Hailing originally from France, these delicate confectioneries are named after the famed fungi due to their physical resemblance. But, like so many delicacies, the history of chocolate truffles is wrapped in a layer of legend and some misunderstanding.
The original chocolate truffle, a ball of ganache, chocolate, and cream rolled in cocoa, was said to have been created in the kitchen of the iconic French chef Auguste Escoffier. A wayward apprentice accidentally poured hot cream into a bowl of chocolate chunks. As the mixture hardened, they were surprised to find the chocolate paste could be rolled into an (albeit lopsided) ball. Rolling the ball in cocoa powder, it bore a striking resemblance to the black subterranean mushrooms that have long been part of cultural lore. Thus, the name and the dessert were born. Over the coming years, the creation evolved as new textures, mixtures, and ingredients to the ganache were explored, from chopped nuts to Champagne.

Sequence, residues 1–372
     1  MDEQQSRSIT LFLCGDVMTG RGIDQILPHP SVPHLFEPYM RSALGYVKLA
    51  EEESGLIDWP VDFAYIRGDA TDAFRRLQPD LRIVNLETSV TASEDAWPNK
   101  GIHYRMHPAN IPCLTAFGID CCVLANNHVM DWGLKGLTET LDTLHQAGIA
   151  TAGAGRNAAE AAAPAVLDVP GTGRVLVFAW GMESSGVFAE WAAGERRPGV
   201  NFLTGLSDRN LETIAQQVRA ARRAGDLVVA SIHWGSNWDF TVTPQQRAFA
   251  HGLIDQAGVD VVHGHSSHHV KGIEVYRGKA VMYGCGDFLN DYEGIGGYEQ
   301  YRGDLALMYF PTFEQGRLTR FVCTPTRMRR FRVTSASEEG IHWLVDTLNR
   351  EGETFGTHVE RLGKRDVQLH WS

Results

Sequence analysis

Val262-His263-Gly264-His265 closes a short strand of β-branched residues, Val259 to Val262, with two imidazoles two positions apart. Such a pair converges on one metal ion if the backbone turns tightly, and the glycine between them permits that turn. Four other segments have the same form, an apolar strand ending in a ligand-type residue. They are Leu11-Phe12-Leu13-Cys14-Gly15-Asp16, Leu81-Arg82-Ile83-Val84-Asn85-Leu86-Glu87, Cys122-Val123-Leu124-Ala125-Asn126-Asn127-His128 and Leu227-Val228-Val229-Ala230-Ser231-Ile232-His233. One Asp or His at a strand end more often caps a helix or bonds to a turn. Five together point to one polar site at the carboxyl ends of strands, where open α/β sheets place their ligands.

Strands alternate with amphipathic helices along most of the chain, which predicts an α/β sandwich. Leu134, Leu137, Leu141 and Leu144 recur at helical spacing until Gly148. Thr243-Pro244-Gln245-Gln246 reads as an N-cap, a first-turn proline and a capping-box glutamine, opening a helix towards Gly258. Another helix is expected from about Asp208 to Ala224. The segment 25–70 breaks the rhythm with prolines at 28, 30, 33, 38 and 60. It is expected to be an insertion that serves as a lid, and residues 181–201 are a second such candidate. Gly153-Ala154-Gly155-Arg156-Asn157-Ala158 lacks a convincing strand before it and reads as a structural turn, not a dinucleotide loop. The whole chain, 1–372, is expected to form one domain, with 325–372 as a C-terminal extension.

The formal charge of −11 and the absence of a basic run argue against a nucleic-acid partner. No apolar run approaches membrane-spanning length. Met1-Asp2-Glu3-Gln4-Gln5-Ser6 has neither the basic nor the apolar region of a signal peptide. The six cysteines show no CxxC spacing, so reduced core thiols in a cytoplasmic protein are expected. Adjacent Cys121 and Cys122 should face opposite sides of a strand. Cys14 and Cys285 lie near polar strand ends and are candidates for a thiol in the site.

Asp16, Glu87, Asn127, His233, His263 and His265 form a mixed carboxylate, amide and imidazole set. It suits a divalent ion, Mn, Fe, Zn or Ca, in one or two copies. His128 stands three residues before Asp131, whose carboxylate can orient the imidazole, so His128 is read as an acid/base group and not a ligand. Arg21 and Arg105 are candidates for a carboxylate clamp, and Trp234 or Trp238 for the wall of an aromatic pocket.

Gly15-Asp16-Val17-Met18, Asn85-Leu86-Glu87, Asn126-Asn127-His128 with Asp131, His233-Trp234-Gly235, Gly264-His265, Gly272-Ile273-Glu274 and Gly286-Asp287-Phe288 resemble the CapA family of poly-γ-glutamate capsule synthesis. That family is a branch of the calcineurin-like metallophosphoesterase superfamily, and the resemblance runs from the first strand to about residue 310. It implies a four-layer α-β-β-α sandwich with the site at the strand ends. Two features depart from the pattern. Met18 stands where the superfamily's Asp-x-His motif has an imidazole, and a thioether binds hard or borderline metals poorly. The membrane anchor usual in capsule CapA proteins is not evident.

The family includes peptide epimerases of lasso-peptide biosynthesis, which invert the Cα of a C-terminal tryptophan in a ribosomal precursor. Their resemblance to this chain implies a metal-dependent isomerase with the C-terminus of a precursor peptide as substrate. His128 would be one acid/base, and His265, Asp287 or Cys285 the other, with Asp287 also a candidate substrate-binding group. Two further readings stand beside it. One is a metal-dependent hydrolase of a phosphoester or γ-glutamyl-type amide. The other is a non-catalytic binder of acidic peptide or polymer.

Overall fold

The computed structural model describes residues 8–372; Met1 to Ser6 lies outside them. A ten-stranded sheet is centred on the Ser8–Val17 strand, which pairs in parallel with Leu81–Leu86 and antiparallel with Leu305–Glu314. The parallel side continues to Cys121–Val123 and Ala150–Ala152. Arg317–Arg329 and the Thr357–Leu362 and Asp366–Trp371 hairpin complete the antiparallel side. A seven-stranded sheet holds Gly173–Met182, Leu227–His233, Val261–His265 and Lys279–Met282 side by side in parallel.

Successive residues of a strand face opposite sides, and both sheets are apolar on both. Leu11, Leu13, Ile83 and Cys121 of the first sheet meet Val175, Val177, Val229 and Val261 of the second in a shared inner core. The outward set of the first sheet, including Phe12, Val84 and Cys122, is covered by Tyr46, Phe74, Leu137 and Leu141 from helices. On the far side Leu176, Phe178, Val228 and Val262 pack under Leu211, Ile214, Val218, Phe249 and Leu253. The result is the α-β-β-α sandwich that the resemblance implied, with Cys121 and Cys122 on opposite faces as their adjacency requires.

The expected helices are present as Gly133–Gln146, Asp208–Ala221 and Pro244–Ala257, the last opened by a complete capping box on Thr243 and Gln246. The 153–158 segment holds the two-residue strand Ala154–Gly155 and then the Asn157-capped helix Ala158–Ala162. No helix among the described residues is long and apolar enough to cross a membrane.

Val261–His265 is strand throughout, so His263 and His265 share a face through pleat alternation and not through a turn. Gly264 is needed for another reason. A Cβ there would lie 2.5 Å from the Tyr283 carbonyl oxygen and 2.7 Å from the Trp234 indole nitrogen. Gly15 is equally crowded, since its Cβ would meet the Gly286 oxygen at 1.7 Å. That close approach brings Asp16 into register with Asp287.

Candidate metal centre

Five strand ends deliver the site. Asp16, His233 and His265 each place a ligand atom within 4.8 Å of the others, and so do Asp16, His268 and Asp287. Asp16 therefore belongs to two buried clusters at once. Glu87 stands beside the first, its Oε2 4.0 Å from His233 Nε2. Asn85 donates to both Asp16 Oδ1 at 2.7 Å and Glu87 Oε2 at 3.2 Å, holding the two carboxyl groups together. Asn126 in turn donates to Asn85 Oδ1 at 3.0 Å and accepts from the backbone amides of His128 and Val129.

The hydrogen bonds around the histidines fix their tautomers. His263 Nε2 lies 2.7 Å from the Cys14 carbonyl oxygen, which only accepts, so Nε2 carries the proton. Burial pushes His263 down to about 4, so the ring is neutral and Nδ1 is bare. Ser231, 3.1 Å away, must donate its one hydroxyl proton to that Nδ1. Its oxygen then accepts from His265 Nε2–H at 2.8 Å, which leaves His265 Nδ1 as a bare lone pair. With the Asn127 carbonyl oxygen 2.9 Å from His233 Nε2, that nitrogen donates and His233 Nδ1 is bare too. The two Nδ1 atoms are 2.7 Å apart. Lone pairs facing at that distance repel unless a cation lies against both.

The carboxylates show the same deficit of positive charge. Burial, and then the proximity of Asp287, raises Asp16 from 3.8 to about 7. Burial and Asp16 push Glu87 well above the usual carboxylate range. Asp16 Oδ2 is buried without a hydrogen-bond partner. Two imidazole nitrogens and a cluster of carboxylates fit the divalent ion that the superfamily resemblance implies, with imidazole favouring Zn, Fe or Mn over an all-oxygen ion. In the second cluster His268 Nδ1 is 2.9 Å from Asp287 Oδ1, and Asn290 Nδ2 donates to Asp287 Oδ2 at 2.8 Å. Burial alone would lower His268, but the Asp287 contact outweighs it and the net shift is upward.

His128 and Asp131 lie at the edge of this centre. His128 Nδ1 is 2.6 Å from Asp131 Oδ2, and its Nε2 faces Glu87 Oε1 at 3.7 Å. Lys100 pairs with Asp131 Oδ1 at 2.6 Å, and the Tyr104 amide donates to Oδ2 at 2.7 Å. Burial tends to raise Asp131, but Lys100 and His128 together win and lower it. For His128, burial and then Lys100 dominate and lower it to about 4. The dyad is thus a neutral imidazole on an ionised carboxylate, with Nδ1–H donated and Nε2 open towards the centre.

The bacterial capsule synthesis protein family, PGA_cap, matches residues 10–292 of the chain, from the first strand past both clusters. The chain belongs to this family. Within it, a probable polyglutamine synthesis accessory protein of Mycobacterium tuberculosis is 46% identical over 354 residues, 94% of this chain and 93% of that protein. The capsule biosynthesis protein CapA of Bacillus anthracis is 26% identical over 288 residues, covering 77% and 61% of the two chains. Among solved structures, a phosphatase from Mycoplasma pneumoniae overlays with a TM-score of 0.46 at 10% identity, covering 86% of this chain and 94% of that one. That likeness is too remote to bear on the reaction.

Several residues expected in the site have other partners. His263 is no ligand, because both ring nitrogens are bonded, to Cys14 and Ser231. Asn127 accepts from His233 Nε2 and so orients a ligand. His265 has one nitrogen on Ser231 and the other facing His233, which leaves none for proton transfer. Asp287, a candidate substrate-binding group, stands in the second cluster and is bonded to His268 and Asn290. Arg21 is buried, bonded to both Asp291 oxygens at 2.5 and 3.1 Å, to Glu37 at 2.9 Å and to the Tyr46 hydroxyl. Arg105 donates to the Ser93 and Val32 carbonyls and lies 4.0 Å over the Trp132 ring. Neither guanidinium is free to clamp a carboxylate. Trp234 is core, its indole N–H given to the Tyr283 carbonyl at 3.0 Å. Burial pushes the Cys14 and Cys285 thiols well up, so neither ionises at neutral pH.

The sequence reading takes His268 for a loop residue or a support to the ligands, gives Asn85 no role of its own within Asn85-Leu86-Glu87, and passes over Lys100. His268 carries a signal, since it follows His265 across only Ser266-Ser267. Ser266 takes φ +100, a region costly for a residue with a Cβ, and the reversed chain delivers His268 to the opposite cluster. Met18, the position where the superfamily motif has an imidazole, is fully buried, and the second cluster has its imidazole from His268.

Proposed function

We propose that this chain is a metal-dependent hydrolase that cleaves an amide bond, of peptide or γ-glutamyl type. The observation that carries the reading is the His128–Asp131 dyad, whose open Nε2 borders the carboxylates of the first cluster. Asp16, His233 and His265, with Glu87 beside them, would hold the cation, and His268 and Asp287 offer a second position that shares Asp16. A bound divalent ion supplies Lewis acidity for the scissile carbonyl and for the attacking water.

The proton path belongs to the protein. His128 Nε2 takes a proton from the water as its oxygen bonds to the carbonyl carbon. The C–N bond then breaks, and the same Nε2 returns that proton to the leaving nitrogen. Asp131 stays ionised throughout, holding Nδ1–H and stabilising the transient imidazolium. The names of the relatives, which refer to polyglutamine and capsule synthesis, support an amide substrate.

Like any new species, the truffle continued to evolve as it spread into new kitchens across Europe. Migrating into Switzerland, the combination of melted chocolate in boiled dairy cream and butter was set into molds before sprinkling cocoa powder. In Belgium, the truffle was cross-bred with the Praline (a powder of caramelized nuts mixed with chocolate, cream, and butter and covered in a chocolate shell) to form an entirely new Belgian truffle variant. But it was after a chance encounter in 1972 in Paris with a young woman named Alice Medrich, a native Angeleno, that the truffle would be transported to the confectionary new world of America, a continent rife for colonization by this symbol of European decadence. Medrich, touched by her encounter with this chocolate anomaly, returned in 1973 to Berkeley, California, and began selling her truffles, which had a characteristically soft center and larger, lumpier outward appearance than their svelte Parisian ancestors. Eventually known as Californian truffles, Medrich’s creation found a ripe niche in the U.S. chocolate market, coinciding with the rise in chocolate, especially luxury chocolate, consumption in the U.S. in the mid-to-late 1970s. helped her eventually launch the chain of famous Cocolat patisseries, described as “the Tiffany’s of chocolates”. Her book, Cocolat: Extraordinary Chocolate Desserts, remains one of the modern bibles of chocolatiers. Over time, the truffle spread across the continent and world, dominating bakery ecosystems and Valentine Day’s gift boxes to this very day lines. Of course, now, the lines are blurred on what is and isn’t a truffle and many modern-day “truffles” bare small resemblance to their forebears. But at their ganache-y, chocolate-y, creamy hearts, they remain like their mycological namesakes, simple and timeless.